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13 SGT. M A Jo ST 0 OKT ons _. ST NcE ilk WITH THE BARRACK SERGEANT MAJO' Question: How do ou feel about being selected as the sergeant major of the Marine Corps' oldest post? Stockton: It was a great honor being selected as the 26th sergeant major of the barracks. ince irs enlisted I knew Marine Barracks Washington had an illustrious history that was synonymous with the Marine Corps. Just being able to be part of the barracks history will be a rewarding experience. Question: What do ou hope to change at Marine Barracks Washington. Stockton: As the battalion sergeant major I don't expect to change anything. I want to continue the tra ditions that have been set as the precedent for the barracks. We are and will continue to be the premiere unit of the Marine Corps. Question: Earlier in your career you were a drill instructor. Which do you prefer making Marines or leading them? Stockton: I believe each job is unique in its own way. As a drill instructor you are responsible for mold ing and shaping the future generation of Marines. It was a job I took great pride in doing. As a sergean major I am responsible for overseeing the personal and professional development of all Marines. Being able to professionally guide Marines of all ranks is a rewarding experience. Question: How hard has it been for ou to adapt to the ceremonial drill used here at the barracks. Stockton: It has certainly been a challenge. The drill is different than what is taught at boot camp how ever the discipline is the same. I have had to practice extensively but I also have enjoyed learning. Question: Do you have any sea stories to share? Stockton: (Laughing) Too many to tell! *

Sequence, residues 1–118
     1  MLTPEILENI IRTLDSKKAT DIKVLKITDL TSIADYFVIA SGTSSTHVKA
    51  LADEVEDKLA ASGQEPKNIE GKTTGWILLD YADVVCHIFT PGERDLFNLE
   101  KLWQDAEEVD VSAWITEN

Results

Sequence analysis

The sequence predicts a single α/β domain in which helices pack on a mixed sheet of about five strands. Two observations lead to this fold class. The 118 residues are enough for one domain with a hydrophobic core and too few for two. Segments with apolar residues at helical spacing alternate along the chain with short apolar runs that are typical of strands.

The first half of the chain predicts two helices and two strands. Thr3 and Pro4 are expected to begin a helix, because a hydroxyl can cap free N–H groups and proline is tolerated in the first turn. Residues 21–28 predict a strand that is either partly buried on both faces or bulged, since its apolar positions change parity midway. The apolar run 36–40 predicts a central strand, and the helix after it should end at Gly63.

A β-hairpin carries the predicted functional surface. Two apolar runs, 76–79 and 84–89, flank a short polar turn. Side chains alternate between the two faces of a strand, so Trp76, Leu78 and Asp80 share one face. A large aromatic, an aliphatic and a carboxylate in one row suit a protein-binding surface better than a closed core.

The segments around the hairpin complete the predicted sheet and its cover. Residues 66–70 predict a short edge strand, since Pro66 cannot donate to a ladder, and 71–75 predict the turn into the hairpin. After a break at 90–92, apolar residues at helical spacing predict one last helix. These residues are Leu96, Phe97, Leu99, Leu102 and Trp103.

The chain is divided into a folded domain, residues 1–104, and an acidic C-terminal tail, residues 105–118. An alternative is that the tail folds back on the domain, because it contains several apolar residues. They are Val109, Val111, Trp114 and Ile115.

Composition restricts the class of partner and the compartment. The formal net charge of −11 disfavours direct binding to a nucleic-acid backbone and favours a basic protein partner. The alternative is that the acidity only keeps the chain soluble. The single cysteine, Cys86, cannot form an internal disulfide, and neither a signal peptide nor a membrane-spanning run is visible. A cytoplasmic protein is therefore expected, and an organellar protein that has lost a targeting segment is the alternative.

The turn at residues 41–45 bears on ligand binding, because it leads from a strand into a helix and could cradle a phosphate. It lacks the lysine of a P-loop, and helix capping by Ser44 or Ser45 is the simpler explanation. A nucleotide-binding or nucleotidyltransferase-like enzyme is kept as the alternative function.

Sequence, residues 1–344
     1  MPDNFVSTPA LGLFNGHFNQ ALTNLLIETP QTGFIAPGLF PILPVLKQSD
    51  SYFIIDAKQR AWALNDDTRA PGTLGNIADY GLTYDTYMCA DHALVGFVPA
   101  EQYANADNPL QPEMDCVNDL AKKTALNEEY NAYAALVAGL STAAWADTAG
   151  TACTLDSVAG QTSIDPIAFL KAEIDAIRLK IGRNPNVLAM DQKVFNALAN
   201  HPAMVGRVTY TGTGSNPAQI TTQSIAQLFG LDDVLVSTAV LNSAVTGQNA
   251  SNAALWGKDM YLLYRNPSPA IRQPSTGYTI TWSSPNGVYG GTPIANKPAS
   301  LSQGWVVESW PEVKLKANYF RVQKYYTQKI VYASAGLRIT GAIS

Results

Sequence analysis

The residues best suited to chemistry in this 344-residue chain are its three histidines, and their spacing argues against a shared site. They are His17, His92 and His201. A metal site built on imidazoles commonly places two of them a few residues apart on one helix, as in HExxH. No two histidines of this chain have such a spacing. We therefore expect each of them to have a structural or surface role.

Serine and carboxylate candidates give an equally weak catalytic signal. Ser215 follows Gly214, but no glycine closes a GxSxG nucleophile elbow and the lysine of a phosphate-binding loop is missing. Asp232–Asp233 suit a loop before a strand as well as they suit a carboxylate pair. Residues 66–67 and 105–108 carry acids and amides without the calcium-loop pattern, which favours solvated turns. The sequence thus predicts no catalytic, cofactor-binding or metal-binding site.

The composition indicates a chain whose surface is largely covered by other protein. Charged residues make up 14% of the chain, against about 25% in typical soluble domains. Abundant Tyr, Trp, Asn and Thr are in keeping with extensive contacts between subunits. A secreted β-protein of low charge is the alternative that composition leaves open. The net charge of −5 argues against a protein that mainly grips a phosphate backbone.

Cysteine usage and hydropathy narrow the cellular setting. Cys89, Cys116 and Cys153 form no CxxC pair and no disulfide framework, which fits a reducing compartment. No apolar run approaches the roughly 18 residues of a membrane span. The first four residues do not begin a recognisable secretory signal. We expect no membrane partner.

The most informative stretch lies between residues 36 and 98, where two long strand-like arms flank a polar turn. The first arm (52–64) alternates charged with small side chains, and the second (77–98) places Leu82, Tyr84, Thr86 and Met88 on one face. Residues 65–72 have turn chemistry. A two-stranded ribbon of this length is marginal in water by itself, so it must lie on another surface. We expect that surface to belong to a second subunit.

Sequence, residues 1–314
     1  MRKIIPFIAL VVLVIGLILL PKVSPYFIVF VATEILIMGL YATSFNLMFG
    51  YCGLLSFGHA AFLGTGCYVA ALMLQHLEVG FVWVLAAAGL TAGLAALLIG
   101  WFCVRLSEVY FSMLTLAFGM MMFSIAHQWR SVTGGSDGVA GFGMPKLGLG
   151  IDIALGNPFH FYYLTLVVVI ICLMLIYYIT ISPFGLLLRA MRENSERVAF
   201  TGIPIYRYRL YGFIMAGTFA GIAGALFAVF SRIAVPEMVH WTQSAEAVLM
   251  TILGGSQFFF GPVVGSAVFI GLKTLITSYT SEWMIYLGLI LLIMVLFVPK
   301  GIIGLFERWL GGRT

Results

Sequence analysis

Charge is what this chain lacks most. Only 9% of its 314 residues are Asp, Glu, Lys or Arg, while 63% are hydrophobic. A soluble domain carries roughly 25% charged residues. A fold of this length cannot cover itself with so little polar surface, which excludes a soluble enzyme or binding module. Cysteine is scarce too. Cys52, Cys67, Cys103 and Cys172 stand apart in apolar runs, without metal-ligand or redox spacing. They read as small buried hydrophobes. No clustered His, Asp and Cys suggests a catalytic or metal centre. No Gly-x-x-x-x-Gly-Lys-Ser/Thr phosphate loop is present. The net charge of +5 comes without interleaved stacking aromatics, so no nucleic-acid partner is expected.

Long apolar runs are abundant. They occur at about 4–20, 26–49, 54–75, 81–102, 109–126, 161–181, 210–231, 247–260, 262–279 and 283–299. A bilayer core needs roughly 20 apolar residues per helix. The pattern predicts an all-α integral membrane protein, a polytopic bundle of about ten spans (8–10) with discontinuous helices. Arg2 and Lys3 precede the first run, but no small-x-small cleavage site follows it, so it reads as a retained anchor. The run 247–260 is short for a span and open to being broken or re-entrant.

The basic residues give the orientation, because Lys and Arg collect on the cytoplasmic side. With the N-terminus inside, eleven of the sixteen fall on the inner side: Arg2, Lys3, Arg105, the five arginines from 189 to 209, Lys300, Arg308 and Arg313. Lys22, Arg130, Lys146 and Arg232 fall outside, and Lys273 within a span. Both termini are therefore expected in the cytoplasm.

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15 B efore earning the title of Marine recruits in basic training are taught the importance of working togethtit as a team to endure the hardships of the training and build camaraderie. These lessons transcend and follow Marines throu hout their careers whether they are in combat garrison or on a e a exercise. Marines with Company A Marine Barracks Washington took part in a live-fire field exercise May aboard Marine Corps Base Quantico Va. to sharpen their infantry skills and build camaraderie. These Marines are infantrymen who have the unique duty of being ceremonial marchers and organizational bearers for the Marine Corps. When their tours at MBW are complete they will rotate back into the operational forces. It is important for them to sustain their combat skills through field exercisesl The two-day exercise focused on advanced shooting qualification which incorporated shooting while moving i _ t- an. -n ironment. The leadership within the company expanded on the training criteria by creating an environment of uncertainty to keep the Marines on their toes making it necessary for them to work together. "The plan for this trip is based on uncertainty" said Staff Sgt. James Woolford p1atoon sergeant 1st Platoon A Co. MBW. -It forces the Marines to come together because you have to make it to the end together there is no other option." After setting up the range the uncertainty began for the Marines. Captain Brian Wilson platoon commander 1st platoon A Co. MBW told select Marines to grab their full packs and flack jackets. Not knowing what lay ahead of hem the Marines became uneasy. The platoon commander and platoon sergeant designated a half-mile course that each Marine would run wearing a pack while the rest of their squad performed various exercises waiting for their turn to run. "We had to run half a mile with the pack in hilly terrain" said Lance Cpl William Fuitt a fire team leader with 1st platoon A Co. MBW. "It was hard." The Marine si pushed through and completed the PT session only to find out the session was far from over. They were instructed to grab their gear in preparation for a field march of an unknown distance. Seeing that spme of the Marines needed motivation Woolford grabbed a large log and threw it on his shoulders to begin the march. With the log tit on his shoulders Woolford began walking to the front an rear of the formation seeking out junior Marines looking r a challenge. Under the weight of both the gear and the a proximately 50-pound log the Marines eeded encourage i ent i to continue on. "The Marine around them had to talk them through the pain and that ings us together" said Lance Cpl Patrick Sheiffele a squad leader with 1st Plt. Co. A MBW. When a Marine became dehydrated the platoon commander seized the opportunity to let Lance Cpl. Jarrett Andrews a combat life saver with Co. A MBW demonstrate the proper vy'ay to administer an intravenous (IV) drip during an impromptu period of military instruction. "It helped me with my confidence and I got to share my knowledge with my platoon" Andrews said. After the field march and training were completed for he day the Marines continued to bond by building a fire roasting hotdogs and trading stories. "I love it out here" Andrews said. "I got to do a lot and I learned aboui how my fellow Marines react to adversity and can lean o i). each other to get through anything." Clockwise: (Top Left) Marines with Alpha Company Marine Barracks Washington conduct live fire exercises at Marine Corps Base Quantico Va. May 19. The exercise allowed Marines to complete annual training on Tables 3 and 4. (Bottom Right) Marines conducted an unknown distance field march during the training evolution. (Bottom Left) Lance Cpl. Jarrett Andrews a combat lifesaver with Alpha Company demonstrates the proper way to administer an intravenous (IV) drip during an impromptu period of military instruction. (Bottom Far Left) Lance Cpl. Connor R. Burks demonstartes the proper loading procedures for the M-249 Squad Automatic Weapon (SAW) during the practical application portion of the training evolution. Burks is a rifleman ith 1st Platoon Alpha Cmpan. PASS ThlJwllw